6 The Dynamics of Abuse: The Power & Control Wheel In the early 80’s in Duluth, Minnesota, victims of IPV attending educational groups were interviewed about the behaviors of their abusers and factors that influenced why they stayed in violent relationships/returned to their abusers.In the early 80’s in Duluth, Minnesota, victims of IPV attending educational groups were interviewed about the behaviors of their abusers and factors that influenced why they stayed in violent relationships/returned to their abusers. Based on input from over 200 battered women, they developed a framework for understanding IPV.Based on input from over 200 battered women, they developed a framework for understanding IPV. Key finding, as conceptualized in the “power and control wheel” is that abusers use an array of tactics--apart from physical and sexual violence--to gain and maintain control over their victims.Key finding, as conceptualized in the “power and control wheel” is that abusers use an array of tactics--apart from physical and sexual violence--to gain and maintain control over their victims.

7 Using Children Using Male Privilege Using Economic Abuse Using Intimidation Using Coercion & Threats Using Emotional Abuse Using Isolation Minimizing, Denying & Blaming Making light of the abuse,and not taking her concerns about it seriously  Saying the abuse didn’t happen  Shifting responsibility for the abusive behavior  Saying she caused it Controlling what she does, who she sees and talks to, what she reads, where she goes  Limiting her outside involvement  Using jealousy to justify actions Making her feel guilty about the children  Using the children to rely messages  Using visitation to harass her  Threatening to take the children away Treating her like a servant  Making all the big decisions  Acting like the “master of the castle”  Being the one to define men’s and women’s roles Preventing her from getting or keeping a job  Making her ask for money  Giving her an allowance  Taking her money  Not letting her know about or have access to family income Making her afraid by using looks, actions, gestures  Smashing things  Destroying her property  Abusing pets  Displaying weapons Putting her down  Making her feel bad about herself  Calling her names  Making her think she’s crazy  Playing mind games  Humiliating her  Making her feel guilty Making and/or carrying out threats to do something to hurt her  Threatening to leave her, to commit suicide, to report her to welfare  Making her drop charges  Making her do illegal things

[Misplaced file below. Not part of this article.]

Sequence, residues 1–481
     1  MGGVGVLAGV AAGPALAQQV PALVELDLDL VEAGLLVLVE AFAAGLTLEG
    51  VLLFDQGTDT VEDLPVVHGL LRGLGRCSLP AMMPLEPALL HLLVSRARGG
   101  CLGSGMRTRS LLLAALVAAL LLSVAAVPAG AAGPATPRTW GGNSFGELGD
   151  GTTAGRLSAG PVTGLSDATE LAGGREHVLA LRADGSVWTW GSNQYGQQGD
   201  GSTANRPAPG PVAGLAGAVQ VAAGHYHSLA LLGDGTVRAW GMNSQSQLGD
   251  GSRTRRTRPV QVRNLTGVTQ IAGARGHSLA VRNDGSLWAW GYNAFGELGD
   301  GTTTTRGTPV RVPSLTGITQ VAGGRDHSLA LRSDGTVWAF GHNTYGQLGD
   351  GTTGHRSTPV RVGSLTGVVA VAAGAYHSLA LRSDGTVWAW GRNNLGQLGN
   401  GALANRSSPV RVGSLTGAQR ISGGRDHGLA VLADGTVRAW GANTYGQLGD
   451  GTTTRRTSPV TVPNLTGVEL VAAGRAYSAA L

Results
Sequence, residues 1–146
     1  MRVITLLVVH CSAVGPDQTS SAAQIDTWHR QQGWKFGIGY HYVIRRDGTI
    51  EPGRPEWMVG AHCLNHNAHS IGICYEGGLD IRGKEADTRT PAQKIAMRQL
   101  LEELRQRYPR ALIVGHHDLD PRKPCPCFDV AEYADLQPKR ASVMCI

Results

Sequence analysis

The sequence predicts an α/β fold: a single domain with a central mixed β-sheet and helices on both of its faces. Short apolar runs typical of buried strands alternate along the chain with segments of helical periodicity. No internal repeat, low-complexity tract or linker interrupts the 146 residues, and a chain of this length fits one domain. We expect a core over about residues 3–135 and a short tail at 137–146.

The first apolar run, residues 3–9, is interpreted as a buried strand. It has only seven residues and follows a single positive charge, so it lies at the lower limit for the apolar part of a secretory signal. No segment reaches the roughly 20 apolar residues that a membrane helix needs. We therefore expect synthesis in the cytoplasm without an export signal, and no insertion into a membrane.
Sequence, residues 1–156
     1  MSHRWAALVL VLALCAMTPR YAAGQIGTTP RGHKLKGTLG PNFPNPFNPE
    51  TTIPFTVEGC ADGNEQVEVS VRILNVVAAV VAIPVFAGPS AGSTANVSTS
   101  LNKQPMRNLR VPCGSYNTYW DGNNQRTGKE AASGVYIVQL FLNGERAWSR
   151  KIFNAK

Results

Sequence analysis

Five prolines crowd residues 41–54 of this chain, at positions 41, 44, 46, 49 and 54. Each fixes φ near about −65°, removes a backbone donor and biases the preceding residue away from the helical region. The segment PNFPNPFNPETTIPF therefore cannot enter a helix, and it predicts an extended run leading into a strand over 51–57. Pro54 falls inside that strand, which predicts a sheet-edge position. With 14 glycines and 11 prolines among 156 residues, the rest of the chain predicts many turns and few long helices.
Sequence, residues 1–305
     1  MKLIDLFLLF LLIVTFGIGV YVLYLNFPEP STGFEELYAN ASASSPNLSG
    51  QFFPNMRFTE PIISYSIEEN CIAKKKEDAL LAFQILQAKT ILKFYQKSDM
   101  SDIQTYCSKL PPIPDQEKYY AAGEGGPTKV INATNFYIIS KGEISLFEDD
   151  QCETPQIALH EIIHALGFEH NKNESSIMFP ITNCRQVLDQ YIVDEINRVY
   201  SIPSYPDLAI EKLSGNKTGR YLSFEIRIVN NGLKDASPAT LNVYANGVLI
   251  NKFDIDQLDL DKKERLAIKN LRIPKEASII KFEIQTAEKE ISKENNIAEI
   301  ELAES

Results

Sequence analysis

8 Factors that Influence Victims Loss of statusLoss of status $$$$$$ Good timesGood times FamilyFamily ReligionReligion KidsKids CultureCulture FEARFEAR **Intimate partner violence occurs within the context of the victim’s life.

9 IPV as a Critical Public Health Issue More than 25% of women are abused by a partner at some point in their lives.More than 25% of women are abused by a partner at some point in their lives. Based on data from 1995, the CDC concluded that IPV costs the U.S. $4.1 billion each year in direct medical costs and another $1.8 billion in indirect costs (lost productivity, etc). Extrapolated to 2003, these costs were estimated at $8.3 billion.Based on data from 1995, the CDC concluded that IPV costs the U.S. $4.1 billion each year in direct medical costs and another $1.8 billion in indirect costs (lost productivity, etc). Extrapolated to 2003, these costs were estimated at $8.3 billion. Mental health care costs are estimated to be 800% higher for abused versus non abused women.Mental health care costs are estimated to be 800% higher for abused versus non abused women. In addition to injuries sustained by victims during violent episodes, abuse is linked to:In addition to injuries sustained by victims during violent episodes, abuse is linked to: -- Arthritis--Chronic neck, back, & --Migraines pelvic pain -- Arthritis--Chronic neck, back, & --Migraines pelvic pain --Gastrointestinal problems--STI’s --Pregnancy Complications--Substance abuse --Gastrointestinal problems--STI’s --Pregnancy Complications--Substance abuse